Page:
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Signs

dir: M. Night Shyamalan
[img_assist|nid=1028|title=Signs and more signs for your own protection|desc=|link=none|align=right|width=450|height=763]
It's an interesting film, I'll give it that much. And it's a credit to M. Night Shyamalan that he manages to get the best performance out of Mel Gibson that I've seen in nearly a decade. As for how successful the film is overall, well, that's hardly a question for the ages.

Box office-wise, Signs has managed to dispel the fear that arose of "one hit wonderness" after the lackluster receipts that the far more ambitious Unbreakable was responsible for. He's managing to incorporate the quite difficult aspects of credible film making and ticket sale success, and then some. He is undoubtedly a populist director, making stories that are on the surface fairly straight-forward that manage to tap in to either the collective unconscious or issues of pop cultural currency without being either pretentious or lowest common denominator shit-stupid.

His level of subtlety is not what I would call delicate, but this film at the very least stands as a testament to his willingness to tackle commonplace ideas with his own individual take, willing to not always give audiences what they want initially with the view of giving them something completely different at film's end. It's a conceited bait-and-switch, I know, but as someone who's seen literally thousands of films over the years, it's something I can appreciate.

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Planet of the Apes

dir: Tim Burton
[img_assist|nid=1077|title=Kiss me you fool|desc=|link=none|align=right|width=337|height=425]
Even though it's been out for only two weeks, already the topic of this film is straining to raise even the mildest level of interest anywhere. We get gangbanged by the hype regarding new films leading up to their release, they're released, then everyone collectively reaches over and hits the snooze button. Being ever timely in my responses, now that any interest has pretty much waned, I have seen fit to post a review of Tim Burton's latest coke fueled extravaganza.

Tim Burton's only real mistake was in remaking what is usually referred to as a "classic". He should have remade a different classic, that being Planet of the Gapes, originally directed by Tom Byron, starring himself, Allysin Chaines, Alisha Klass, Sabrina Johnson and a host of other starlets and studs. I have not the courage or the mortal fortitude to tell you readers what a "gape" is, suffice to say it is one of at least a hundred things I wish I'd never seen, and curse the internet each day for inflicting it upon me.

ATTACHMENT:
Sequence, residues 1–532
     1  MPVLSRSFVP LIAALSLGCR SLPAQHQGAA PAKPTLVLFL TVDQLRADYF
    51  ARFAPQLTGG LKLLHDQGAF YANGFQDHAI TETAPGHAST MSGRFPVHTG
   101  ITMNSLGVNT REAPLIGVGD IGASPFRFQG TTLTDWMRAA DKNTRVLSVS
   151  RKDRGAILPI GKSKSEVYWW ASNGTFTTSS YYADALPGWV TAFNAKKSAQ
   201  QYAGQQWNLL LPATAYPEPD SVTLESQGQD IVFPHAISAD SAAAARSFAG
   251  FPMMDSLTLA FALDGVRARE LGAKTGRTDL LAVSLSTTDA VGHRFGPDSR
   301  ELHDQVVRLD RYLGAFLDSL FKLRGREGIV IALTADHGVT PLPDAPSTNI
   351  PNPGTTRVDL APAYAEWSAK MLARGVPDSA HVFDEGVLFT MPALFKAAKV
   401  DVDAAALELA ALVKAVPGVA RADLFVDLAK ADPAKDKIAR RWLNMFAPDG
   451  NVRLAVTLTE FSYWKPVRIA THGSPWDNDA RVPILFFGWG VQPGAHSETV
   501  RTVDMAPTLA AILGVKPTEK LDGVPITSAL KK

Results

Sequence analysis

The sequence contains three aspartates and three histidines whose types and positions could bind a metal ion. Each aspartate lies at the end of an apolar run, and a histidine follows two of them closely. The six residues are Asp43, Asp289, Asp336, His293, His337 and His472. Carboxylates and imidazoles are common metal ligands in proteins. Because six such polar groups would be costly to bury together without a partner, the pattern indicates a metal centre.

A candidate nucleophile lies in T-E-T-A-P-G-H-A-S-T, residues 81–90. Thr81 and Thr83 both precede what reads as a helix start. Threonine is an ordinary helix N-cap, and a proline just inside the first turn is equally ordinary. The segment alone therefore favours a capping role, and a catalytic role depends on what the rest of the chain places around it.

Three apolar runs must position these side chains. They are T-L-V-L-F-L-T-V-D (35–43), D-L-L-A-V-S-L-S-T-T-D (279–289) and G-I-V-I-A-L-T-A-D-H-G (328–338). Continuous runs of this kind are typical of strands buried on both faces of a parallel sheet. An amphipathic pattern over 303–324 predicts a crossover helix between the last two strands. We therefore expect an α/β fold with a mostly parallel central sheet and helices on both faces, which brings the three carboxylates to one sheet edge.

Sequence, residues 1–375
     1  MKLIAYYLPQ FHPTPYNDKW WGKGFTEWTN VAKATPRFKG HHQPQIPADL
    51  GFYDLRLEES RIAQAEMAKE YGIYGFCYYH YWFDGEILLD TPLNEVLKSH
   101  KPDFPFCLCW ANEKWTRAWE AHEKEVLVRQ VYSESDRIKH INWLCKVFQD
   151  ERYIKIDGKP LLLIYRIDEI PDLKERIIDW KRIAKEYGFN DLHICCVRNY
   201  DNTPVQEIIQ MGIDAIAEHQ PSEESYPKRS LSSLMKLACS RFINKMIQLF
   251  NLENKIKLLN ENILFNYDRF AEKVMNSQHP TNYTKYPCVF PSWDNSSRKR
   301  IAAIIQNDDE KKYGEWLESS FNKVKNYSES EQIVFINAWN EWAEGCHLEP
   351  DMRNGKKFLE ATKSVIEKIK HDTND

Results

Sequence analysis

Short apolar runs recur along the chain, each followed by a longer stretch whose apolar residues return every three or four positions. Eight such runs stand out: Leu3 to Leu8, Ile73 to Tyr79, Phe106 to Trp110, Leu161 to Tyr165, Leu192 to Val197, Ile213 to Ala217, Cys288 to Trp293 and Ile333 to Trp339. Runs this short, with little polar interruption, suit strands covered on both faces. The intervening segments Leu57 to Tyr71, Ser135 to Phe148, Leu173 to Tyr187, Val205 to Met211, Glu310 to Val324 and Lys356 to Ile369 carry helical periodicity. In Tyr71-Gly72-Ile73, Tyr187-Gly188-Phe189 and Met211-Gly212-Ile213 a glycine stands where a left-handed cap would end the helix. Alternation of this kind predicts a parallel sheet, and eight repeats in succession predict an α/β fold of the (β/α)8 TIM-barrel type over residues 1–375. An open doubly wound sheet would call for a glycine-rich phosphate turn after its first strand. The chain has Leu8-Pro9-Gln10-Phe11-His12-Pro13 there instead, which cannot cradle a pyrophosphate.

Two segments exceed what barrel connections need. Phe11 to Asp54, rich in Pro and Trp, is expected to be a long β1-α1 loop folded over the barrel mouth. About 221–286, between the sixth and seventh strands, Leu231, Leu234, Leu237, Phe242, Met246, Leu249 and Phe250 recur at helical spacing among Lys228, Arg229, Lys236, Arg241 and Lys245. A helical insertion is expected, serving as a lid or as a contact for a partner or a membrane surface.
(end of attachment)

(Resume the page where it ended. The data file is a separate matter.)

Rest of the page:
Regardless, the mere concept of doing a remake of Planet of the Apes is enough to raise people's hackles, and as appealing to long time fans as it would be to announce to Christians that you're planning on re-writing the Bible, replacing all references to "God" and "Jesus" with "My Cock". They'd love that.

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AI: Artificial Intelligence

dir: Steven Spielberg's Mexican non-union equivalent
[img_assist|nid=1098|title=You can't play spot the robot, because all three aren't human|desc=|link=none|align=right|width=450|height=312]
Oh beautiful people, what with the planes falling out of the skies and the burning of empires, and thousands of souls going to meet their makers, is it even appropriate to talk about something as unimportant as a film? A movie, in fact? Yes it is...

Let me create a hypothetical situation for you: You work as a job placement demon, as they all are at those particular agencies. You have two positions to fill. Job 1 requires a qualified person to take the reins at a child care centre. Job 2 requires a highly qualified and experienced person to take control of a whorehouse. Yes, a whorehouse. There's no other adequate PC term that can be used in its place. Brothel always sounds kinda dirty to me. Which is appropriate, me guesses.